I received this from Sojourners/Jim Wallis:
Next week, Gen. David Petraeus, the commander of U.S. forces in Iraq, will report to Congress on the troop "surge," in which the Bush administration has escalated the war in Iraq by sending an additional 20,000 American combat troops.
As people of faith, we believe in the power of prayer to soften the hardest of hearts and open the way to peace and reconciliation. So, as General Petraeus testifies, we're planning to match his surge with one of our own–20,000 prayers for Congress to bring an end to this war.
Click here to share your prayer with Congress–let them know that you're praying for their courage and wisdom to end this war.
We are at a critical moment, as the House and Senate decide on our nation's continued involvement in Iraq amidst a frenzy of swirling accusations and partisan rhetoric.But while the Bush administration has frequently abused the language of scripture to justify this disastrous war, a growing number of Christians from across the theological and political spectrum are coming together to oppose it.
And our nation's political leaders are listening–in fact, we've spoken to several members of Congress who are considering reading a selection of your prayers for peace into the Congressional Record.
Like many of you, I've opposed this war from the start, and together we've raised a prophetic voice against it–marching in the streets, writing letters, and much more.
We'll continue to do all of that, but I believe it will also take faith to end this war. It will take prayer to end it. It will take a revolution of love to end it, because this endless war in Iraq is based ultimately on fear, and the Bible tells us that only perfect love will cast out fear.
Will you be a part of this surge of prayer for peace? Click here to let your Senators and Representative know that you're praying for them.
In times such as these, we ought to remember the words of the Apostle Paul:
Do not worry about anything, but in everything, by prayer and supplication with thanksgiving, let your requests be made known to God. And the peace of God, which surpasses all understanding, will guard your hearts and your minds in Christ Jesus. (Philippians 4:6-7)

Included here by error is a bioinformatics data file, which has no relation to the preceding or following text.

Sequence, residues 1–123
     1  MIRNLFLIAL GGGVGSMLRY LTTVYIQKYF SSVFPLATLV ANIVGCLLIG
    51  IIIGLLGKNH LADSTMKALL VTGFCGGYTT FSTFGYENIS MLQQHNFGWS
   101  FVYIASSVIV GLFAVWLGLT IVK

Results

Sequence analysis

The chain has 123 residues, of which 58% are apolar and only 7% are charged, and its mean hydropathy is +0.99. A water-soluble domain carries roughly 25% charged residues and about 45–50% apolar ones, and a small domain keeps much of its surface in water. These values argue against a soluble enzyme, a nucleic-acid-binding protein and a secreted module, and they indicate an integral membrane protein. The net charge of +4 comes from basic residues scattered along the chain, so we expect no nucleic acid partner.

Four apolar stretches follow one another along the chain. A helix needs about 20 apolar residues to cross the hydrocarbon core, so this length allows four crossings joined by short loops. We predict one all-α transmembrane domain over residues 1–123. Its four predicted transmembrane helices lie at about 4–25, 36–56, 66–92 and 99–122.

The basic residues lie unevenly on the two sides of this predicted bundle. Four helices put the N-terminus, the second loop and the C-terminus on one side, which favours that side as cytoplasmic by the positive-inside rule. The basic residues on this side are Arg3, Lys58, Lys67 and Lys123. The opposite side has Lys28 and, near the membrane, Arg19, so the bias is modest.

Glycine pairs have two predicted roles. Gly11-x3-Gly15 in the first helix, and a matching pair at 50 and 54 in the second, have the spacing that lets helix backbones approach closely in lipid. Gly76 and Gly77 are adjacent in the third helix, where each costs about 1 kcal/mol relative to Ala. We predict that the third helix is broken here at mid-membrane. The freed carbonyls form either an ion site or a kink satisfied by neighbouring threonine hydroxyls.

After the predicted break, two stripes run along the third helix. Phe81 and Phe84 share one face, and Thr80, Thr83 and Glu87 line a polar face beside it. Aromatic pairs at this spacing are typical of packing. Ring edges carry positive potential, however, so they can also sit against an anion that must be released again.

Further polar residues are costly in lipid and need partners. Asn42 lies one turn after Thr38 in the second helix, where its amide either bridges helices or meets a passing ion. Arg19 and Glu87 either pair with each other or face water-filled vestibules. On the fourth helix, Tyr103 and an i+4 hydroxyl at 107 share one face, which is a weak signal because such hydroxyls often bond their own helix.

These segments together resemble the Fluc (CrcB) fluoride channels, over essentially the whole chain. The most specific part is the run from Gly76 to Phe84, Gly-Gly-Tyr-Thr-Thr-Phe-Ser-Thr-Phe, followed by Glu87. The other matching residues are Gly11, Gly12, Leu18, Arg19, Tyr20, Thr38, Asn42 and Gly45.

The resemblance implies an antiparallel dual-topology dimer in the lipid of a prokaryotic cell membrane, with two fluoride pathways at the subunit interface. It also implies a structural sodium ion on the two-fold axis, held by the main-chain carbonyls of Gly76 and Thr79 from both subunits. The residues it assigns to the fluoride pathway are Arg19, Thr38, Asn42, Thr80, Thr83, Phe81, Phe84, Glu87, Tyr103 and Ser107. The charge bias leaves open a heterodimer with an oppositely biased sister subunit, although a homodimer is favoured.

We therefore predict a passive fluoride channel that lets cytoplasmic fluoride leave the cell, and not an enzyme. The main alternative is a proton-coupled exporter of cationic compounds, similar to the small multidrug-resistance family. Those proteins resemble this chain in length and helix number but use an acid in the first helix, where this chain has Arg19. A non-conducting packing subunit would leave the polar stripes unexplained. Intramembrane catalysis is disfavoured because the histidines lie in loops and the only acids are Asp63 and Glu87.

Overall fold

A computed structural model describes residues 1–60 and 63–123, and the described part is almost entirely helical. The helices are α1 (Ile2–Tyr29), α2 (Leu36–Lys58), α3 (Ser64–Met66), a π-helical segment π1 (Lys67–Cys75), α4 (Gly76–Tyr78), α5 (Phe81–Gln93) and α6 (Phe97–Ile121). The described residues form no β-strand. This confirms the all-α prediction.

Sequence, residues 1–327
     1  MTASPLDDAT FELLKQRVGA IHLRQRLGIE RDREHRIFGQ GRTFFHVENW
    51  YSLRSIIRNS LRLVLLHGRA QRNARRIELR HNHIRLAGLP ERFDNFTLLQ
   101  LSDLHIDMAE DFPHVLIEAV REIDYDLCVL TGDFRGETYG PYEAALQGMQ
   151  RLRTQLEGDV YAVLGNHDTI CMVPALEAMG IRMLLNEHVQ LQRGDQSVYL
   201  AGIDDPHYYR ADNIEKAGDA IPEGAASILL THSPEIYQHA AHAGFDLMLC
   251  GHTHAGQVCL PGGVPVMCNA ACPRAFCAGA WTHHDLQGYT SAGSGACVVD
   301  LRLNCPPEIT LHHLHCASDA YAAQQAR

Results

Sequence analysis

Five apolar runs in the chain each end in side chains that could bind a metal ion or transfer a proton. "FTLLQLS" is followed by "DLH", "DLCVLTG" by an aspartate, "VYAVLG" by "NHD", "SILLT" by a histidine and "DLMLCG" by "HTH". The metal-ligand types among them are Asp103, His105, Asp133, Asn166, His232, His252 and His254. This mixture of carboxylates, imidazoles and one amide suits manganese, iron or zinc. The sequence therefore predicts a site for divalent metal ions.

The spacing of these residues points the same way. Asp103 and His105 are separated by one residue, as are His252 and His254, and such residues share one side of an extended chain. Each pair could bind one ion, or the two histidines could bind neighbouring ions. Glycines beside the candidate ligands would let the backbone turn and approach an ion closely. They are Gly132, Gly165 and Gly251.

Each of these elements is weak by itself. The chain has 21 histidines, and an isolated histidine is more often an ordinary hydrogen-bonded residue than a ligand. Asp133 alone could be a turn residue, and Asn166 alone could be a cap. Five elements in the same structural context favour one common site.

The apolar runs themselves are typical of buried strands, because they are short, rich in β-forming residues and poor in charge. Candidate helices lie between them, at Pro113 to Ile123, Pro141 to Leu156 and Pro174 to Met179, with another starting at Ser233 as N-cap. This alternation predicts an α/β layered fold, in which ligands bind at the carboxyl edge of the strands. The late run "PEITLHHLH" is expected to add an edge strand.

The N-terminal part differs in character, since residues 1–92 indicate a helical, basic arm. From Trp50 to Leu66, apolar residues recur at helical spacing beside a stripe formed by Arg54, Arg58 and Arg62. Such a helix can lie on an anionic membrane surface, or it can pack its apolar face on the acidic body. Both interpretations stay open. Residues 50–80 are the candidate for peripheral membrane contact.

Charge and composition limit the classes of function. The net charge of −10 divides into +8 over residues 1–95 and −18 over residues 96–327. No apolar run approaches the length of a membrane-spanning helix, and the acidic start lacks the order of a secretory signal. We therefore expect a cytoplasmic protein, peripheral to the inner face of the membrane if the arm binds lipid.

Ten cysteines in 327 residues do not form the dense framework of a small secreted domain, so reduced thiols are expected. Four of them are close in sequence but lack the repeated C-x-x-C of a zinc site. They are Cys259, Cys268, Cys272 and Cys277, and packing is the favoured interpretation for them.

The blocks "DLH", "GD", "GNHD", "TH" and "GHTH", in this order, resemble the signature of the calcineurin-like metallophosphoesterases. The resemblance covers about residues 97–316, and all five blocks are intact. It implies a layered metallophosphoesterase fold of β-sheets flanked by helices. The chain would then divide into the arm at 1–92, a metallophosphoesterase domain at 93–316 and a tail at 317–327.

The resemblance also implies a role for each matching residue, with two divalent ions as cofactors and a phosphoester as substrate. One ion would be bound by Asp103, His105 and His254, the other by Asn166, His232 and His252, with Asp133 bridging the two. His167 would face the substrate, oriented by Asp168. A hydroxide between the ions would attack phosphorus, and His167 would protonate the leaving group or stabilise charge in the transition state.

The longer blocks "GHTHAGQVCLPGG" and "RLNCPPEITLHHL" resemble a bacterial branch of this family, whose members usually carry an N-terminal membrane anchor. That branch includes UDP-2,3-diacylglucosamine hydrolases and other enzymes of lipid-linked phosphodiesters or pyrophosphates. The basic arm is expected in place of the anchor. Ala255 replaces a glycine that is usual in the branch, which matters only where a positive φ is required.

Jim Wallis and the rest of the team at Sojourners/Call to Renewal
P.S. To reach 20,000 prayers by next week, we'll need your help. Can you share this message with 10 of your friends, family, and congregation members, asking them to join us in this campaign?
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I have never seen a christian take this approach to activism in regard to war (in a blog, that is). Weird...shouldn't it be the first approach. Instead of bitching, moaning, and ad hominen attacks, you want to pray. Thanks, your blog encouraged me, and I will send in my prayer through the link you have provided.
I'm delighted that it was encouraging! Thank Jim Wallis - he's the man.
I must say that at least in the churches I've attended, we've prayed about the war every week since it began. Even the really liberal bitchy-moaney activist church never neglected to lift up the war and our president by name each and every week.
I learned in class once that this was the traditional Russian Orthodox response to the violence raging around them as well: to enter the church and pray. Now, it didn't work out great for them much of the time (from the world's perspective, that is), but even though their bodies and churches were harmed, their souls were not.
It's really hard to know where to draw the line between praying for peace and acting for peace. Thoughts from others? Do we intervene when injustice is being done? Is our intervention to be anything beyond putting ourselves in harm's way instead? (and if so, how can that really change things, in the long run?)
I've been thinking about this a lot lately and really crave some discussion on it.
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